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Hard Aground

She was right.

Here I am at the helm. Steering this ship as a Captain does. Checking my charts. Cross referencing with the color of the water. Trying to figure out if we can tuck around this next corner to avoid all swell tonight. Ashley comes storming out of the saloon; “It’s too shallow up ahead. I don’t think you should go in there.” I heard it right away. That tone. We all know that tone of our significant other. Invisible to the untrained ear but blood curdling to my ears. “I’m just exploring sweetie. Don’t worry about it.”

It all happened so quickly. 2 meters….half a meter…zero..Bump bump…Stop. A soft landing at least. Engines in reverse. Nothing. Full reverse. Nothing. Oh oh. Is this going to get interesting? “Quick. Drop the dinghy!” I drop the dinghy in the water and tie it to the side of the boat. Full throttle. The mothership is now in full reverse. Dinghy is pulling as much as it can. We’re stirring up considerable silt. But nothing. Absolutely no movement. Shit. Shit. Shit.

We notice a pod of dolphins coming into the bay. Guess we’re stirring up some food. Our brains are spinning. What next? Dollar bills flash in front of my eyes as my mind goes to TowBoatUS. I think about the incoming weather while hard aground; Bouncing up and down on a sand bar with wind and waves pushing us further.

I lose the shirt. Grab a mask & snorkel and jump in. Dinghy paddle in hand I start to dig out underneath the keel. I’m getting somewhere. So I think. I dig further. Other keel. More digging. Ok. Now to the stern anchor. We gather up all the chain and spare anchor. Toss it in the dinghy. A feat in itself. This thing is massive. I set it twenty or so yards behind the boat. Attach the rope to the winch and we attempt to winch ourselves off this sandbar. Yes! Could it be? The winch is turning. We’re pulling in anchor rode. Little do I realize we’re simply dragging the anchor thru the sand. Plowing the ocean floor. We repeat this process three more times before I notice Ashley up on deck holding a glass of white wine. “Guess we’re done for the night eh?” “Yep, tide is going out. Next high tide is at 1am.”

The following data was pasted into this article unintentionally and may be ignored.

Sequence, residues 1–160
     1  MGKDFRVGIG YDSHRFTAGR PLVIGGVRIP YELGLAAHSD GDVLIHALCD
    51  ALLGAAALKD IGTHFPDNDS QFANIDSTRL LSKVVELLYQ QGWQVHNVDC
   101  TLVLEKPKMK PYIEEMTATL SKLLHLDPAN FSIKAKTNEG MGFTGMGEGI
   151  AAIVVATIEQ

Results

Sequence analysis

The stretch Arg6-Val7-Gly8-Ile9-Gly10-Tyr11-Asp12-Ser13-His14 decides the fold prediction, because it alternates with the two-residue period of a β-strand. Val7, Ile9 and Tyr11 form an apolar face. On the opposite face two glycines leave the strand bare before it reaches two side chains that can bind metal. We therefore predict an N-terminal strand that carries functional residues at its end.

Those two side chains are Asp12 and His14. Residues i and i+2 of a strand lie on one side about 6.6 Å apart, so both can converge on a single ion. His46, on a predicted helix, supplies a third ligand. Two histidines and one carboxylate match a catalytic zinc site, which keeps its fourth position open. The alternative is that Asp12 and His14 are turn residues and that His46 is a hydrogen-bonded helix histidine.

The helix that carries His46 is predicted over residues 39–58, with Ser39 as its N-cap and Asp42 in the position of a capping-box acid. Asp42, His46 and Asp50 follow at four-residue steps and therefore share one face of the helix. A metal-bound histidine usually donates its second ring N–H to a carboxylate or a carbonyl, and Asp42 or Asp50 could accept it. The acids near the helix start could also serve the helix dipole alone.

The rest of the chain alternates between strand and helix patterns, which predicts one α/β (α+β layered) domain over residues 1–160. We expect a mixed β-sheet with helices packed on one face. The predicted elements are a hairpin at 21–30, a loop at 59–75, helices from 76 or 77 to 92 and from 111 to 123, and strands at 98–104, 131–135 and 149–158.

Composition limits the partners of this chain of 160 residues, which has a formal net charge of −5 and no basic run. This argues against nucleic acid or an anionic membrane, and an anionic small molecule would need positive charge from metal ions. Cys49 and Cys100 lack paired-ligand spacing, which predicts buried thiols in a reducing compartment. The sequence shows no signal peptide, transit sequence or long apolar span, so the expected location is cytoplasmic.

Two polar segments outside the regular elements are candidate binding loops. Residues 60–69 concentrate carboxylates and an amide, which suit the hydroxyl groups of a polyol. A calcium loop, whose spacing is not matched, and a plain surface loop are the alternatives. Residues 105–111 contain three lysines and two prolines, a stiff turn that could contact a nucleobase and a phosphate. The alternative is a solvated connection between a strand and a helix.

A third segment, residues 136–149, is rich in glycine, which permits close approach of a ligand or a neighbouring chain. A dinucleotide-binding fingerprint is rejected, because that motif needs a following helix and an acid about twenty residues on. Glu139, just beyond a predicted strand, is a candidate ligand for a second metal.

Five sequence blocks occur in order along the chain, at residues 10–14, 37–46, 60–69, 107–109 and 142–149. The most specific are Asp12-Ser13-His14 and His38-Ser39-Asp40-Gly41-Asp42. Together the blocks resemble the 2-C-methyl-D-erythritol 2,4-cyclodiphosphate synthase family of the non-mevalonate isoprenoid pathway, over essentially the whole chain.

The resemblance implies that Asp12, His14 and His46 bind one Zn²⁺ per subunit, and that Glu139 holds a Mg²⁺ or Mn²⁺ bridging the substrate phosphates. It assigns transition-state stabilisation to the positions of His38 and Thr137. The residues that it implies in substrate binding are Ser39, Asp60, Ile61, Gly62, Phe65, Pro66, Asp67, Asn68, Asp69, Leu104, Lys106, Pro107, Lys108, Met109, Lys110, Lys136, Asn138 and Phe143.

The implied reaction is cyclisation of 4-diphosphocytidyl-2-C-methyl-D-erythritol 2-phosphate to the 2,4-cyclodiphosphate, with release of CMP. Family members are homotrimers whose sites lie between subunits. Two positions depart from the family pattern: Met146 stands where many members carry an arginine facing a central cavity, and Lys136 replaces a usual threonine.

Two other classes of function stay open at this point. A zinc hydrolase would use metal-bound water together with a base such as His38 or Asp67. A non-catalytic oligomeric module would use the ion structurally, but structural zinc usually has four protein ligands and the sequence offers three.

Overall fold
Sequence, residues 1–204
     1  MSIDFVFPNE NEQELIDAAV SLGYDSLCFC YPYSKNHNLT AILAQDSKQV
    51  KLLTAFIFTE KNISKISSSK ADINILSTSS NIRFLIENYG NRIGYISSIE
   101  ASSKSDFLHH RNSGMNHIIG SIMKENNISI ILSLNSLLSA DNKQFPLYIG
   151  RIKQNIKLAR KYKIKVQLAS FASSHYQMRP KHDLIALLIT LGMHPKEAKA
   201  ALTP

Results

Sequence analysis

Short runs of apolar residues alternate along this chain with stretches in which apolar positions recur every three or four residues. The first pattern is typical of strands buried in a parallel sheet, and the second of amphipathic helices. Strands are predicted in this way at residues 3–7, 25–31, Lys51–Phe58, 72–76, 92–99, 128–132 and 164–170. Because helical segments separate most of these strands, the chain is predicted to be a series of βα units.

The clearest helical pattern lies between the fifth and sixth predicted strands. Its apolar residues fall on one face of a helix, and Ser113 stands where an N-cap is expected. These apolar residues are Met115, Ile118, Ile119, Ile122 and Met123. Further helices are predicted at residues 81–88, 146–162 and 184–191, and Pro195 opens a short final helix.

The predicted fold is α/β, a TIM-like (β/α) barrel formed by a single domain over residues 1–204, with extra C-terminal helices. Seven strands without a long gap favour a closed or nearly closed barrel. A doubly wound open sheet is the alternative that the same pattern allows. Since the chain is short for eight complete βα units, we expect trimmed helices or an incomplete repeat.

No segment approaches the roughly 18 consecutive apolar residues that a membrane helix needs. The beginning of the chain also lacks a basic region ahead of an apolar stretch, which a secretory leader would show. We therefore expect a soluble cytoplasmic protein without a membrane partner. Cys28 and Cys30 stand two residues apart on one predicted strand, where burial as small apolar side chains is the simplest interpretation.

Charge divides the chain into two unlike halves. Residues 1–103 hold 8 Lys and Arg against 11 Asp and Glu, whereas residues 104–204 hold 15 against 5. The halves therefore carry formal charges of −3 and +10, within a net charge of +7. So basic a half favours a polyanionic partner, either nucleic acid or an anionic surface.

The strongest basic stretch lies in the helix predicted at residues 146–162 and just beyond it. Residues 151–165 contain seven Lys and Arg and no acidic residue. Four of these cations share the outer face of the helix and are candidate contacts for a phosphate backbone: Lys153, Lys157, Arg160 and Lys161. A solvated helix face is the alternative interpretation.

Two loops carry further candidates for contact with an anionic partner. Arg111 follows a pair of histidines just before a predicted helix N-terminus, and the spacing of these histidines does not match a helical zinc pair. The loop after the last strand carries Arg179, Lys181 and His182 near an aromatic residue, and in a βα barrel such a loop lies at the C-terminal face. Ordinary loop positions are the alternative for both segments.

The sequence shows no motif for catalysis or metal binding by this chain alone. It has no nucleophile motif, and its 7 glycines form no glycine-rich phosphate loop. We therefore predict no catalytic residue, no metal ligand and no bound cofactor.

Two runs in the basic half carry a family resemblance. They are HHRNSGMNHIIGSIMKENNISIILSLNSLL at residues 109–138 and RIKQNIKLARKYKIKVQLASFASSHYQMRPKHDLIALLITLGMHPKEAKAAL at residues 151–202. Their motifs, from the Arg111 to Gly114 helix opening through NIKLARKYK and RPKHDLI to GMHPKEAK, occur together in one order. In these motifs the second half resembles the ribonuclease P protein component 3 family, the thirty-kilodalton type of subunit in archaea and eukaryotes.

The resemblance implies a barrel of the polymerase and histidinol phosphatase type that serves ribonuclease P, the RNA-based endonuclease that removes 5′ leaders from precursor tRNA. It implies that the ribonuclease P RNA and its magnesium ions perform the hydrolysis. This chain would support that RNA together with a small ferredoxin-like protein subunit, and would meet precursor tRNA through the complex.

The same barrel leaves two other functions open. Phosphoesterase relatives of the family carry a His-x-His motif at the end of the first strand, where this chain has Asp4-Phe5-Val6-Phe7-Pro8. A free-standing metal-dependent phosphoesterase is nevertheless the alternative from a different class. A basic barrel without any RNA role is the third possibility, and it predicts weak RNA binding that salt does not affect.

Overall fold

We make dinner. Drink coffee and watch a movie. A few hours later we’re off with little effort. We carefully motor where we came in and drop the hook for the night. I’m exhausted. Spent from manually pulling and resetting the anchor many times. From trying to dig out the keels.

Next time. I’ll probably listen to the Admiral..

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They’ve got a few bridges in the Keys…

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We’ve seen a few of these cuban boats washed ashore here. It is absolutely incredible how they’re built and more importantly, how people risk their lives on them. The typical configuration is a white styrofoam base, usually wrapped with blue tarps on the outside. Hand made oars, tiller and sail. It’s literally a floating piece of garbage and they manage to “sail” it all the way from Cuba. Amazing.

 

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Kite-fishing. See that orange kite on the right? That’s attached to the boat via a fishing line and a lure hangs down from the kite. It’s not a gimmick. A lot of people fish this way here in Florida.

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2 Comments

Carolyn
February 5, 2016

Stu always sings that song from the 70s “You’re absolutely right and I’m wrong”……then he adds “Dear” with a smirk.

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Carley
February 4, 2016

Love the pictures!
Admiral is always right, bud 🙂 Glad it all worked out!

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